A brief history of how the Denver
Basin Project came to be.
In the 1980s, Bob Raynolds was in the
Himalaya, reading the rock record preserved in the foothills to
learn how the mountains grew. Meanwhile, Kirk Johnson was studying
the evolution of plants in western North America with a particular
focus on the effects of the cataclysmic event that wiped out the
dinosaurs at the end of the Cretaceous. As time passed, Kirk expanded
his research efforts, joined the Denver Museum of Natural History,
and traveled the globe learning more about the last days of the
Cretaceous. Bob worked with oil exploration companies, moved to
Denver, and maintained his interest in the geological record of
These paths were set to converge as Bob studied the geological record
of the Front Range of the Rocky Mountains in his backyard and realized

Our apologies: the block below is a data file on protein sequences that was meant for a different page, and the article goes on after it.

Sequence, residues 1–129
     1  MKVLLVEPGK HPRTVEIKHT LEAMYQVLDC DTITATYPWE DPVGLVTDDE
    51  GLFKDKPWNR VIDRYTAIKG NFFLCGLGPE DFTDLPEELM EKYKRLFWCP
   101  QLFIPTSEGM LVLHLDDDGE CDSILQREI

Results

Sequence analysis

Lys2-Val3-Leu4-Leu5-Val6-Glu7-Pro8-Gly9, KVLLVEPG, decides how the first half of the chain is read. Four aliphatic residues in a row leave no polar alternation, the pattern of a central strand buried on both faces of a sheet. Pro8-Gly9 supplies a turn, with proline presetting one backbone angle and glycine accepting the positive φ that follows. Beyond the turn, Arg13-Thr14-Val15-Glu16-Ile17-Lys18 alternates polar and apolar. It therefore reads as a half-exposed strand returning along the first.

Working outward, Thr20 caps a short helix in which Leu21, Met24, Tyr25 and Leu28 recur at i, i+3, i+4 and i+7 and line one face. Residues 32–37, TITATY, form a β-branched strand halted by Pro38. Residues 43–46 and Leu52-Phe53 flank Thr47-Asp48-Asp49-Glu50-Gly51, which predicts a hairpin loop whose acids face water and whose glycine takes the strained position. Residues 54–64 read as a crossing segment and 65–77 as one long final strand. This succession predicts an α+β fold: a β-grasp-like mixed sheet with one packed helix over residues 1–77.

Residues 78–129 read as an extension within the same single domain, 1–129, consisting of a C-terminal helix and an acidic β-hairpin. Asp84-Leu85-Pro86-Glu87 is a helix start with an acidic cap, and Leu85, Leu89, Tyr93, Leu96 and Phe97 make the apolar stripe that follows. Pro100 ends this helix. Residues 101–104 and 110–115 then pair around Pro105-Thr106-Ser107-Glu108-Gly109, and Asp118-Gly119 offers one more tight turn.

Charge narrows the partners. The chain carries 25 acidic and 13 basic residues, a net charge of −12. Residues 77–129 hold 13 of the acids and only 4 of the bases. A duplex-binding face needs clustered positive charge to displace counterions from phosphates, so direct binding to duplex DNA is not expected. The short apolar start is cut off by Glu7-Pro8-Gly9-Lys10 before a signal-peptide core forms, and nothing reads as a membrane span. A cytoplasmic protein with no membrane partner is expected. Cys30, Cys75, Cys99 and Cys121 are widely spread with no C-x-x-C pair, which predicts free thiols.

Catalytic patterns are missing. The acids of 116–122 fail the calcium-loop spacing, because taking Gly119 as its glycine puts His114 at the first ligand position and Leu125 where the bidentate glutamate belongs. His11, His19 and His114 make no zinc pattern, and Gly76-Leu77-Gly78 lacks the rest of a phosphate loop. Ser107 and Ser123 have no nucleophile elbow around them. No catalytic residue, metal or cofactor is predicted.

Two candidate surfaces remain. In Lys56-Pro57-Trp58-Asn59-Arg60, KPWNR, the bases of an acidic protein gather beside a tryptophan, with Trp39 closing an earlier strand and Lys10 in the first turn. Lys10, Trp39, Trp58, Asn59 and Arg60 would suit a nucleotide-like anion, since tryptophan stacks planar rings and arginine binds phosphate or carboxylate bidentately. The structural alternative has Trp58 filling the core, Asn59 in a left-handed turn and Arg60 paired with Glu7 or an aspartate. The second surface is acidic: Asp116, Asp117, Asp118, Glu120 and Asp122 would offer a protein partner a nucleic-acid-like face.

that he needed to know more about the vegetation that mantled the
ancient landscapes; at the same time, Kirk was burrowing deep in
the trenches being dug for the new Denver airport and finding fossilized
remains of rainforests. How many rainforests were there? How long
did they persist in the Denver area? How old were they? Bob had
some answers to Kirk's questions and Kirk had some answers to Bob's.
As so often happens in scientific research, the whole can be greater
than the sum of the parts when the parts are effectively merged.
Later, as Kirk and Bob developed the research program that would
help them jointly answer questions about the Denver Basin, they
realized that the same rocks they were studying contain the water
resources being used by the residents of the rapidly growing area
south of Denver. Stan Robson from the United States Geological Survey
had spent many years working on the groundwater resources of the
Denver area and was intrigued by the questions being posed by Kirk
and Bob. He encouraged them to consider studying the groundwater
aquifers and suddenly found himself on board the project coordinating
the water research efforts.
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